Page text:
Personal Finance: Less stick for carats

Gold has been a bad investment for decades. As banks sell off their holdings, this is set to change.

Clifford German
Friday 18 June 1999 23:02
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GOLD HAS proved to be a really bad investment for most of the last two decades, and it could get worse before it gets better. But there could be a silver lining in sight and within the next 12 months, gold bars and coins could start giving cash, bonds and shares a run for their money and competing for a place in the typical investment portfolio.

Worldwide, demand for gold for industrial uses and for jewellery is now 50 per cent greater than the new supply but there may be 20-30 years of excess supply stored in the vaults of central banks, quite apart from private hoards of gold and jewellery, especially in Asia.

But gold costs money to store and earns no interest in private hands, and is no longer in demand as a hedge against inflation. Prices have slumped from a peak of over $800 an ounce in 1981 to less than $260 now. In real terms it is back where it started in 1972 when the US Treasury stopped selling gold at $35 an ounce and sent the price soaring.

The price has fallen more than 10 per cent this year alone, since the Swiss voted to abolish the backing for the Swiss franc and sell an estimated 1,300 tons of surplus gold, starting next year.

The IMF is now threatening to sell over 300 tons to set up an investment fund for the 40 poorest countries, and on 6 July the Bank of England will start auctioning 25 tons of UK gold each quarter to invest in more profitable assets.

According to Bob Beasley, an analyst at Barclays Capital, the price of gold could fall further to $220-230 an ounce in the next few months as these official sales drive another nail in gold's coffin.

For UK investors all this has been academic however. Sovereigns were withdrawn from circulation during the First World War and replaced by pound notes, and only registered collectors were allowed to hold the coins.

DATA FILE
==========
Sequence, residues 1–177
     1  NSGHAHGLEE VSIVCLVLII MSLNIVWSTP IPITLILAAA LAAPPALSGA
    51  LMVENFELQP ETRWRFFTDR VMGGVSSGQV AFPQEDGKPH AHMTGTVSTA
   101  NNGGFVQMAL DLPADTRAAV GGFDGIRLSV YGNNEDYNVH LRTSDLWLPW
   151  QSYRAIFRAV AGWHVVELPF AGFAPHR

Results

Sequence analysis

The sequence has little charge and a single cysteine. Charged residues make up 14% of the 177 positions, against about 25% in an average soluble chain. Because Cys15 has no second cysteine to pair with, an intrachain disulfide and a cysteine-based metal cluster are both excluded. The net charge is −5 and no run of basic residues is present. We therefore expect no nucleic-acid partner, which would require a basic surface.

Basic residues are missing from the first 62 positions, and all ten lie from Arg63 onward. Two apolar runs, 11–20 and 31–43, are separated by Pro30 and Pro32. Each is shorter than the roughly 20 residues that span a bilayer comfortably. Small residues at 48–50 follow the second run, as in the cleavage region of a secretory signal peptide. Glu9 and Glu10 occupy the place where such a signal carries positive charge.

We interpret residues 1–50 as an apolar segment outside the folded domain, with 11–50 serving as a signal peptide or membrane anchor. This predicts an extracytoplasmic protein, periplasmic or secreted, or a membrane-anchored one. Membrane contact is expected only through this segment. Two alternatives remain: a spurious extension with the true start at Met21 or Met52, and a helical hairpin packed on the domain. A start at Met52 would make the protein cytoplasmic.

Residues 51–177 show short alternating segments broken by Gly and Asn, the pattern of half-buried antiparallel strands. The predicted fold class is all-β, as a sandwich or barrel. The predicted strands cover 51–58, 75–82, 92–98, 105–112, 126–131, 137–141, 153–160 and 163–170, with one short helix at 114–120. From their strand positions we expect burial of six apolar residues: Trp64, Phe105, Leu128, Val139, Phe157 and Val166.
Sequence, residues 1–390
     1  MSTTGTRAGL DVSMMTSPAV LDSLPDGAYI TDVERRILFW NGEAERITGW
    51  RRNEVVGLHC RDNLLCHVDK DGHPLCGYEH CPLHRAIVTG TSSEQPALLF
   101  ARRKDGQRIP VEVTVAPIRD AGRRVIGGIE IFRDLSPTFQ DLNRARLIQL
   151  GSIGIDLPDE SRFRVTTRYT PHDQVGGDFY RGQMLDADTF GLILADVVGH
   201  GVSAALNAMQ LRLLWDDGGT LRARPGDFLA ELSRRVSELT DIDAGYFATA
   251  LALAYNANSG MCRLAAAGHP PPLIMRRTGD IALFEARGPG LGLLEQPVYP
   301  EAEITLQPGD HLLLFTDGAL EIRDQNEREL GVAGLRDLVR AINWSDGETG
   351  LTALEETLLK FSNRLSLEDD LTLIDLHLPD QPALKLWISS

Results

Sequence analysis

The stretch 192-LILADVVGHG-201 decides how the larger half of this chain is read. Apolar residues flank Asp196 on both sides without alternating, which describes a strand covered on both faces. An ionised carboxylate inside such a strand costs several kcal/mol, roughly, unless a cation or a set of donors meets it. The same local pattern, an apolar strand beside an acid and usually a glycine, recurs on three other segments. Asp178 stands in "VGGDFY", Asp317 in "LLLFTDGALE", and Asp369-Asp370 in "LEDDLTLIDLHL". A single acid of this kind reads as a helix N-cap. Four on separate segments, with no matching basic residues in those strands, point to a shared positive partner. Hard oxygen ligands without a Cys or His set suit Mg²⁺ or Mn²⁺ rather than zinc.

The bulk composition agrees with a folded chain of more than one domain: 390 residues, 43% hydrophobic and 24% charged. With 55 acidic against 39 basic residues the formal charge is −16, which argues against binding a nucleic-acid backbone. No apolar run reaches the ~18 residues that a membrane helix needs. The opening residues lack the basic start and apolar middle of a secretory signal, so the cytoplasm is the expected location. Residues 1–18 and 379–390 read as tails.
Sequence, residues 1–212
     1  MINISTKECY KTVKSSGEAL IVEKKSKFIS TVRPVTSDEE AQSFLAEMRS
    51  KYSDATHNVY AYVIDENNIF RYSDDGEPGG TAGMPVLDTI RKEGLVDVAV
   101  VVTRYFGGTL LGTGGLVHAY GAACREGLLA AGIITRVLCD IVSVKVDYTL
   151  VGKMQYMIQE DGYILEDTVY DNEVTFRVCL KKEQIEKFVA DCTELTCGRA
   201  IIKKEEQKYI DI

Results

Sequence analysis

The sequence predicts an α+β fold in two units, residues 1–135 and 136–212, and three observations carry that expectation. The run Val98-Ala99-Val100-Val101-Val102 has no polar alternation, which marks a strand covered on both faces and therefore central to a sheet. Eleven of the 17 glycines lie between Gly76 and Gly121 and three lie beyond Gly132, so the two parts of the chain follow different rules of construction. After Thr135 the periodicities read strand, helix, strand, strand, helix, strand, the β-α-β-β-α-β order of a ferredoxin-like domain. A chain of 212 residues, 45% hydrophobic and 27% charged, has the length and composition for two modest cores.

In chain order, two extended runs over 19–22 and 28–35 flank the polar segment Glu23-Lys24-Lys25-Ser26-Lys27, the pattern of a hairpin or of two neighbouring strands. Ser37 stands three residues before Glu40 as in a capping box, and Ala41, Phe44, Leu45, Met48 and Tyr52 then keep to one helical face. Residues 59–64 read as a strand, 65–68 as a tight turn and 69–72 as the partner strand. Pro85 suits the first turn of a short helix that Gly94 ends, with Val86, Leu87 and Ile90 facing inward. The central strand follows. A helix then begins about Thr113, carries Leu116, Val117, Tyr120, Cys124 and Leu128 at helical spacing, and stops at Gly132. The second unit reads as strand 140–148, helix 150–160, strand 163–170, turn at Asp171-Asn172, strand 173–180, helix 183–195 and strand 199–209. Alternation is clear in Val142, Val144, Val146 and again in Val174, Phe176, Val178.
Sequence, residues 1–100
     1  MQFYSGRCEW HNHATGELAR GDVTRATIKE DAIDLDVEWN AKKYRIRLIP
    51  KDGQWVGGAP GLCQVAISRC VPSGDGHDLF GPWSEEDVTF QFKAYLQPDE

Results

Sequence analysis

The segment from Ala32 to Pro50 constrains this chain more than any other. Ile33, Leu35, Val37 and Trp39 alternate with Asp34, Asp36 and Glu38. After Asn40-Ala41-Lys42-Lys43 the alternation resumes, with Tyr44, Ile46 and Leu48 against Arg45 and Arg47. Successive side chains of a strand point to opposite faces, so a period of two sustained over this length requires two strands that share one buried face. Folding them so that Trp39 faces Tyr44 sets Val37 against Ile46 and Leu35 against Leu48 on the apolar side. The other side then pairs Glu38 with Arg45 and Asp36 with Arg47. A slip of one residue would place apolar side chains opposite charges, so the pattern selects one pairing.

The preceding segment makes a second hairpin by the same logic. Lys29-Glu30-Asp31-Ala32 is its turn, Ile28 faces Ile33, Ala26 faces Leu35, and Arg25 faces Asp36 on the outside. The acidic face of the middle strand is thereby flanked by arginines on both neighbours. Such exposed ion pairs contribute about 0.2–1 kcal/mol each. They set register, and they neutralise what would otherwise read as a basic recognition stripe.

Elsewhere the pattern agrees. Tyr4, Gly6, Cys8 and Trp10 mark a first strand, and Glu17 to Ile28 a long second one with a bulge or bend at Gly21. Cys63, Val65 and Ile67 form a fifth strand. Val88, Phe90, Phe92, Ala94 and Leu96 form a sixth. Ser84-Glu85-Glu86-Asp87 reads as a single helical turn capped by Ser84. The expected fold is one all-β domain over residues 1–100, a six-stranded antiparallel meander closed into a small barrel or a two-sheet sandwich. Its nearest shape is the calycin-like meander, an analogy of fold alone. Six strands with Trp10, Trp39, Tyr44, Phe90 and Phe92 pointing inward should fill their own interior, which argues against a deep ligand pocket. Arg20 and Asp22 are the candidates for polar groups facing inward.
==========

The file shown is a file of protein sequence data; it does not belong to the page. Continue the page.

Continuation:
Although the legal right to ownership was restored in 1979, gold and gold coins have never recaptured the British public's imagination, partly because they have never been promoted here, either as an investment medium or a store of value, and partly because they have been liable to VAT, which for the great majority of people means that VAT charged on purchases cannot be recovered when the coins are sold.

Even the parvenu Krugerrand, which was minted by the South Africans and sold wholesale for little more than its gold content has never made much impact in the UK, and the Royal Mint now confines itself to minting proof sets for collectors at prices well in excess of the bullion content.

Coin dealers like Spinks are more interested in selling rare coins, of any metal, the banks which trade on the London Bullion market have never been interested in retail sales and the handful of jewellers who have been willing to deal with the public were free to put a substantial profit margin on their selling prices.

Even now the cheapest unofficial retail price for sovereigns is around pounds 46, compared with a wholesale price of pounds 39 and most jewellers will not buy coins back from the public at any price.

But all this could be about to change. David Clementi, the Deputy Governor of the Bank of England told a conference on gold this week that the Bank is acting in the interests of "minimising uncertainty and stimulating interest in gold as an investment".

Superficially that could be another example of Hutber's Law which says that "better" actually means "worse".

But the next few months could actually mark a turning point in the prospects. From 1 January, VAT will no longer be charged on investment gold, including coins minted since 1800. After a decade of bemoaning the fall in gold prices the World Gold Council which represents the gold mines is seriously thinking of campaigning to promote retail sales in places like the UK, and encouraging banks, brokers and retail outlets to start making a market in coins.

If David Clementi really means what he says, by then prices could be low enough to make gold coins a convenient and attractive part of every balanced investment portfolio.

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